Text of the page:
Book Review: Committed by Elizabeth Gilbert

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Eat, Pray, Love was such a big hit to me that when Elizabeth Gilbert delivered her second installment entitled, Committed, I did not have second thoughts buying it. Both books are more of a memoir rather than a novel because Ms. Gilbert recounts her personal experiences in coming up with her own definitions of a relationship (Eat, Pray, Love) and marriage (Committed). Her wisdom is borne out of the heartaches she went through while forming her own life rules. What is most admirable is her humility to accept what she lacks, a first step in improving oneself before moving on to another relationship.

Elizabeth Gilbert's first marriage did not work out. Since then, she became skeptic in the sacrament of matrimony. But unexpectedly, while soul searching in Bali, Indonesia, love knocked on her door again. She and her lover, a Brazilian named Felipe, was content not to rock the boat by getting married again (Felipe was also divorced). Felipe would periodically go in and out of the United States to be with Elizabeth and this setup was perfect for them. However, one day the US Immigration noticed this frequency and Felipe was barred from re-entering the country. The status quo was as good as it lasted, but if they wanted to stay together, they had to break the status quo. The only solution was for them to get married and legalize Felipe's citizenship as an American.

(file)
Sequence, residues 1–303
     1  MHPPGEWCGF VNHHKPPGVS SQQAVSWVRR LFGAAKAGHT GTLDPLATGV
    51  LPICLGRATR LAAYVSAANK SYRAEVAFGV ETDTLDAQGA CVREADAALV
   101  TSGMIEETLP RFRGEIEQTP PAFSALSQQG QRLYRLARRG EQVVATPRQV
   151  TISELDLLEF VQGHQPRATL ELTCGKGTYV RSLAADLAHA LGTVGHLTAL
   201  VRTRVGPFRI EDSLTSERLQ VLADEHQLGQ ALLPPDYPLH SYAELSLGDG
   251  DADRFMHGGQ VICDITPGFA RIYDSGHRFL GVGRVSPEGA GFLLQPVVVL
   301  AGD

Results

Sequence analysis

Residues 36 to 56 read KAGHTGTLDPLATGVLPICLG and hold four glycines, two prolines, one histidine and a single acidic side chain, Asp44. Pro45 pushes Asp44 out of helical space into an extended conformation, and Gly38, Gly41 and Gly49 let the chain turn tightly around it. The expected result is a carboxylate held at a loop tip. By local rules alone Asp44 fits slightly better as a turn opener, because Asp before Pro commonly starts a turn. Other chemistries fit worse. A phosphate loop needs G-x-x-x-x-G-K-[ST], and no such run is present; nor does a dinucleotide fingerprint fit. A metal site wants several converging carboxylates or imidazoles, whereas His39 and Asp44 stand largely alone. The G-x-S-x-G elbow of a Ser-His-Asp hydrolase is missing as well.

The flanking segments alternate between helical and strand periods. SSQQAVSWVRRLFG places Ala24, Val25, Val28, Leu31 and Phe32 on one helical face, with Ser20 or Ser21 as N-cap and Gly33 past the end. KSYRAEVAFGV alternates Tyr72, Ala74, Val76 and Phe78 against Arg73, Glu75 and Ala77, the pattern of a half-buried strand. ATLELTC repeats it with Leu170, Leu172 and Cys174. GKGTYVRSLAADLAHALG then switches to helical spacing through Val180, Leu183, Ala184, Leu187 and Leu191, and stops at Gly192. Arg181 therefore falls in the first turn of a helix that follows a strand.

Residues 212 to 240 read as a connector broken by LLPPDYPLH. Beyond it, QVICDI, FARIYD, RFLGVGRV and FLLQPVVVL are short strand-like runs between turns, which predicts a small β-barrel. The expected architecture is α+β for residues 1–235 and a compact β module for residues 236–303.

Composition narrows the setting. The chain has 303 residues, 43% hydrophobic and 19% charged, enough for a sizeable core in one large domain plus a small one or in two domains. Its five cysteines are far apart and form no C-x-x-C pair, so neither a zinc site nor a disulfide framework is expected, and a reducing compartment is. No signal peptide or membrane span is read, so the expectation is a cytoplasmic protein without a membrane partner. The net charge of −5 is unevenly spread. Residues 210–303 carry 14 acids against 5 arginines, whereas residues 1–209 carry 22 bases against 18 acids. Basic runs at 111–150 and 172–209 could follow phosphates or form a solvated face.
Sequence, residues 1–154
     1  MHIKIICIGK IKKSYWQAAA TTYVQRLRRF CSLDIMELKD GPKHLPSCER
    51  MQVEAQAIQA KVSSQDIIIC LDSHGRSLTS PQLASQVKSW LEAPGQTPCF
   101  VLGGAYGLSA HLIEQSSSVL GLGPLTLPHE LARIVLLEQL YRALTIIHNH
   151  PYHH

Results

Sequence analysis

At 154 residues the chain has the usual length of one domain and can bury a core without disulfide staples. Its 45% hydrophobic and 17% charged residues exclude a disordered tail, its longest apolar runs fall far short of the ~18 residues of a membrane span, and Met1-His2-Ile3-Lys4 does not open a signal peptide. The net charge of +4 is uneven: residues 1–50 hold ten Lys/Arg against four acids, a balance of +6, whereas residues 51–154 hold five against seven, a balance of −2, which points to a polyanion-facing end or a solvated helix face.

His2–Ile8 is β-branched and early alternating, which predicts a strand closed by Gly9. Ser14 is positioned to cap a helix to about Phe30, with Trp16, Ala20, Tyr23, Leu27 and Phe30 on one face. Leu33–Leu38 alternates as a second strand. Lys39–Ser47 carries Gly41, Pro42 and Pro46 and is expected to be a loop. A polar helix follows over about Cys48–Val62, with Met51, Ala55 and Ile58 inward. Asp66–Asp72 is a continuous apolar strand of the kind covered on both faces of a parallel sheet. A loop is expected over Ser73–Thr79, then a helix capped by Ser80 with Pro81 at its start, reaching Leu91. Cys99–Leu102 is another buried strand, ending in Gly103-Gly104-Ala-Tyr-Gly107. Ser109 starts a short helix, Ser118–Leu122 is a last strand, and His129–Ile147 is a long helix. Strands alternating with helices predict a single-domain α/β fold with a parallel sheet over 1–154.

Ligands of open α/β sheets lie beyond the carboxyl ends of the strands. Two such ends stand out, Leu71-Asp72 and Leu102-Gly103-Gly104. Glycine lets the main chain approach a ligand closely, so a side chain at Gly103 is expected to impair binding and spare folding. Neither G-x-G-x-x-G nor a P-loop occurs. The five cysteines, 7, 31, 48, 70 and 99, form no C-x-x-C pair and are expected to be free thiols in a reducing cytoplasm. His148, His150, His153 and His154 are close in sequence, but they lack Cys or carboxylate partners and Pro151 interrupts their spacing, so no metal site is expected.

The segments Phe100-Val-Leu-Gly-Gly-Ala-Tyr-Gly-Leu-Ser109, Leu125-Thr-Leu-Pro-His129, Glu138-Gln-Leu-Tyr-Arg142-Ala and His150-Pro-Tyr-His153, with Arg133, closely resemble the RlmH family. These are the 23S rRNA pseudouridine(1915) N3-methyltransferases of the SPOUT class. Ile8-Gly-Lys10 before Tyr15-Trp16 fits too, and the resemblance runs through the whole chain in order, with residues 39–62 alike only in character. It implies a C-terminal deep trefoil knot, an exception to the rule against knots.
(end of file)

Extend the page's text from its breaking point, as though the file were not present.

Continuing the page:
In Committed, Elizabeth Gilbert made a blow by blow account of the process she went through to make peace with marriage. For her, she did not want to get married just for her and Felipe's convenience. Rather, she wanted to re-explore it and understand it better so that this second time around, marriage will be much better and nurtured compared to her first union.

Throughout the book, perhaps the most important thing that Ms. Gilbert clarified is that she wrote that book to help herself and not for anybody else. Thus, once in a while, it is possible to come across something she holds true that may be contrary to a reader's belief. However, she is not concerned with that because it runs contrary to the main purpose of writing her memoir. One of the more debatable issues in her liberal views about marriage is that she is not keen on bearing her own child. It was one of the reasons that caused the downfall of her first marriage. With Felipe, this is not a problem because the man already had children from his previous marriage and had no desire anymore to bear more children from Ms. Gilbert. This alone immediately got things going for the couple. Many steadfast believers on procreation being the center of marriage will find Gilbert's stand quite radical, but it works for them so that's what matters most.

It was not an easy journey for Elizabeth Gilbert. She went as far as going to various places to learn about different cultures on marriage and find out what she could apply to her own life. It was all in the effort of grasping a realistic take on marital union that so many people uphold. It can all be very institutionalized but the fact remains that two people are in it together to make it as real and workable as possible. Commitment, compromise, trust and respect are just some of the words to live by every minute until death do you part.

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